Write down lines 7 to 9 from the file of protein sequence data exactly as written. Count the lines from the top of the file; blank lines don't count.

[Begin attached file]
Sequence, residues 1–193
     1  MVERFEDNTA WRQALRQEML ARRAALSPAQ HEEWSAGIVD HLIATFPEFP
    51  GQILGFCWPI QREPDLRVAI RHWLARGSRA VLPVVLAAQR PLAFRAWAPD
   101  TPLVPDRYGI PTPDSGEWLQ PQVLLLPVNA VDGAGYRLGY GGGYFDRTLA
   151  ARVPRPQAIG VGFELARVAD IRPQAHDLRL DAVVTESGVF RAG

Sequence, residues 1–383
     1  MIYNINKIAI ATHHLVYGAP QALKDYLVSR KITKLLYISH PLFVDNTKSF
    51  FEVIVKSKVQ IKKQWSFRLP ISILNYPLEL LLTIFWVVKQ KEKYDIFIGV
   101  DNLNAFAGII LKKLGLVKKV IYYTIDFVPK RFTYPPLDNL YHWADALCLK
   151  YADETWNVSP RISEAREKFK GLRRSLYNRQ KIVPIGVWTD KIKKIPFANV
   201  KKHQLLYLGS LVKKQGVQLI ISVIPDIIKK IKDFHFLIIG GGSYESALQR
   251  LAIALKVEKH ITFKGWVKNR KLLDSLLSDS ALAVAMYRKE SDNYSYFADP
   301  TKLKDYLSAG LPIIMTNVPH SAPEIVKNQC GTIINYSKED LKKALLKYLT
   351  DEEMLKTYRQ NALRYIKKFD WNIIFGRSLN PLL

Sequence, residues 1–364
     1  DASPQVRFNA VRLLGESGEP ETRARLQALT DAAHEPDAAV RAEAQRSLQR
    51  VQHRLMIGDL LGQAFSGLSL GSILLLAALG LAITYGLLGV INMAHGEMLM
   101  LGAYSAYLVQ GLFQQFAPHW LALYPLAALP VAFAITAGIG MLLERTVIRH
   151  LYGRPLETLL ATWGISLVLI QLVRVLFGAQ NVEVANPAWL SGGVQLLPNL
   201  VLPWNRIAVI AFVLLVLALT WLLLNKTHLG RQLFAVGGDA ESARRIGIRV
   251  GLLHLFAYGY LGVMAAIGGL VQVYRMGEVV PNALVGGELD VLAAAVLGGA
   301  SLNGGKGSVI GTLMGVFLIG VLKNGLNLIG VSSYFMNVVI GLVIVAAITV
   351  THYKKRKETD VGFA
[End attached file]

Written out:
     1  MIYNINKIAI ATHHLVYGAP QALKDYLVSR KITKLLYISH PLFVDNTKSF
    51  FEVIVKSKVQ IKKQWSFRLP ISILNYPLEL LLTIFWVVKQ KEKYDIFIGV
   101  DNLNAFAGII LKKLGLVKKV IYYTIDFVPK RFTYPPLDNL YHWADALCLK